Reviewer Conny Withay:Operating her own business in office management since 1991, Conny is an avid reader and volunteers with the elderly playing her designed The Write Word Game. A cum laude graduate with a degree in art living in the Pacific Northwest, she is married with two sons, two daughters-in-law, and three grandchildren.
Author: Linda P. Young
Illustrator: Violeta Honasan
“We had loads of fun
with you both and can hardly wait to come back,” the children tell
Anna and Andy in Linda P. Young’s children’s book, The
Adventures of Anna and Andy Hummingbird: Anna and Andy Meet the
Grandchildren / Book 3, Stories, 11, 12, and 13.
Part of a series, this thirty-two-page paperback targets children ages four to eight years old who enjoy make-believe stories about talking hummingbirds. With no scary scenes, the fiction contains some complicated wording for beginner readers. Colorful and expressive detailed illustrations cover almost all pages with writing overlapping them.
In this book that contains three separate stories about two hummingbirds named Anna and Andy, the first tale is about several grandchildren visiting their grandmother and having a scavenger hunt with the birds participating. The next one involves the birds meeting the children’s imaginary dragon who flies them to the circus and back. The final story has the children playing in a pool and the birds getting squirted with water, meeting the youngest brother, and saying goodbye to their new friends.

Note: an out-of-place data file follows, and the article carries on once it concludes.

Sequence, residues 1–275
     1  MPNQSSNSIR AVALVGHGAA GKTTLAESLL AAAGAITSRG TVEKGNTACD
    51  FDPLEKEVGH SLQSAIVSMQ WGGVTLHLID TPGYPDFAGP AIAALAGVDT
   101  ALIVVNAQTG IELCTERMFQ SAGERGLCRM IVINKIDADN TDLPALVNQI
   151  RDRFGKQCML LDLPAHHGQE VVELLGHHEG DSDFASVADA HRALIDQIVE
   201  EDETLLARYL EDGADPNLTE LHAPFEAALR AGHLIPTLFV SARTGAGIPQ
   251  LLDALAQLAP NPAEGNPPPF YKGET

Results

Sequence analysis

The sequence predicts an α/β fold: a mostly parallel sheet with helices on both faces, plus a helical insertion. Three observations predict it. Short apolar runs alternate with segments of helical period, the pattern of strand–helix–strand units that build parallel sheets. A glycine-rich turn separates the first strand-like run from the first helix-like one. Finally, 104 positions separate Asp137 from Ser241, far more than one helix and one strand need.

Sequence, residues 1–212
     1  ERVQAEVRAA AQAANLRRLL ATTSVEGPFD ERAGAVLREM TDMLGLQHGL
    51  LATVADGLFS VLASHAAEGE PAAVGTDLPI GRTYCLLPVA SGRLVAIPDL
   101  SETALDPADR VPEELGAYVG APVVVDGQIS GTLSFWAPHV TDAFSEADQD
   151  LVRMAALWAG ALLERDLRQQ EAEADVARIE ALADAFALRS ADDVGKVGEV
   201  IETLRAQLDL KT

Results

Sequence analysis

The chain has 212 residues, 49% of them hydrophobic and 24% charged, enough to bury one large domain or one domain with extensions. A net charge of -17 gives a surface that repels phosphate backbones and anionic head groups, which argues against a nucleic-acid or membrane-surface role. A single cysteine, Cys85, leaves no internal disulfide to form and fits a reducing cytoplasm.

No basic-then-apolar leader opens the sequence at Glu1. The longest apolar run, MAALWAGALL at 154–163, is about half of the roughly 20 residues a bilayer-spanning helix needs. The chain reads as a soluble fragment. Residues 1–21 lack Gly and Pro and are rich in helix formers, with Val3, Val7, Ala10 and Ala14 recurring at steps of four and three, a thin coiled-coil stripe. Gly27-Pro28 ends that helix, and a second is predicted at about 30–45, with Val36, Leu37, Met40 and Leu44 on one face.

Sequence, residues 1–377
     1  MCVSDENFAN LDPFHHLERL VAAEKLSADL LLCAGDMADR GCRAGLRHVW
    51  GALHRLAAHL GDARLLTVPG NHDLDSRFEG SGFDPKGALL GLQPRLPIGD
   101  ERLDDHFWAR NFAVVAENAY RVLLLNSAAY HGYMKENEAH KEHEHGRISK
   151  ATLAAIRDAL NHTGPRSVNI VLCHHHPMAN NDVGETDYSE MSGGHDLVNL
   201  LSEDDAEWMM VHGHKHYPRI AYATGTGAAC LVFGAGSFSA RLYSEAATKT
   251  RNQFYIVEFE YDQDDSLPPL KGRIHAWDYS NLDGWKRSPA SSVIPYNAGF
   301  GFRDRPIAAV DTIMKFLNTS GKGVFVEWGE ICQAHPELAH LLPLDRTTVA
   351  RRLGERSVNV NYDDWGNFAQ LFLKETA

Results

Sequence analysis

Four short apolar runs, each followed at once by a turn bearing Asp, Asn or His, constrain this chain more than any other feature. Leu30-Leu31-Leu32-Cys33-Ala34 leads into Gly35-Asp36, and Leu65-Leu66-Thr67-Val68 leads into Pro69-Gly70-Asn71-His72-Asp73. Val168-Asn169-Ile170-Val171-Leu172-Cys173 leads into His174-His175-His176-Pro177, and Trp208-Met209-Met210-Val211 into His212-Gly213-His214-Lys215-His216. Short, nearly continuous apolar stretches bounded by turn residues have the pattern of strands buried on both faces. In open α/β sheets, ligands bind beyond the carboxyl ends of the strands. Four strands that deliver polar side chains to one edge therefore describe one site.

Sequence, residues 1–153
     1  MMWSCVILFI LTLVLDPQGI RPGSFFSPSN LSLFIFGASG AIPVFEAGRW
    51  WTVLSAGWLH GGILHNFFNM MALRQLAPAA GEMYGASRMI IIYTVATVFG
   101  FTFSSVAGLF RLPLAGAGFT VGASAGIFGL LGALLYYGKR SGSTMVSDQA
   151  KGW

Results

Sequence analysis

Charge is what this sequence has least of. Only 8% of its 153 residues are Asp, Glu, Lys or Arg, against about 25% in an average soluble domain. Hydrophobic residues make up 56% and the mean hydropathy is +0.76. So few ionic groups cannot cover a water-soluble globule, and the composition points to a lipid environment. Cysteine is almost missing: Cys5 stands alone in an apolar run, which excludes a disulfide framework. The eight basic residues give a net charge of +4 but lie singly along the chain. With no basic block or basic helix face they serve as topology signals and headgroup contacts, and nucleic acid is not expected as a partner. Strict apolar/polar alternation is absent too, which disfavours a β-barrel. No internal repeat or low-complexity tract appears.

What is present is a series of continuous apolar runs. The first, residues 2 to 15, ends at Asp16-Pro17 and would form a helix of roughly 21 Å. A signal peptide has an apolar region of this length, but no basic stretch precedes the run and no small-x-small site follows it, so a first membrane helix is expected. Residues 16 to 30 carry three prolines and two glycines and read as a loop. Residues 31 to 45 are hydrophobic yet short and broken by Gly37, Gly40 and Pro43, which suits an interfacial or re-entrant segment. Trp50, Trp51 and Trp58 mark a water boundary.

I like that this series about two hummingbirds who only converse with children, inanimate objects, and a grandmother promotes asking what something is when unsure and being inquisitive. The pictures are detailed enough to keep the attention if read out loud to a young child.
Due to the long paragraphs on the pages, it would best be read out loud to some children as it may frustrate some readers. Beginner readers may struggle with some of the three-syllable words.
A business owner and grandmother, Young has written this series from actual events that occurred in her yard involving hummingbirds. No information is available on the illustrator.
I wish the book were proof-read for the punctuation errors that may cause confusion with some new readers.
If you are looking for a fanciful book about two hummingbirds that interact with young children as they learn about their surroundings, this may be a good choice.
Thanks to Bookpleasures, Bohleson Group, and the author for this book to read and review.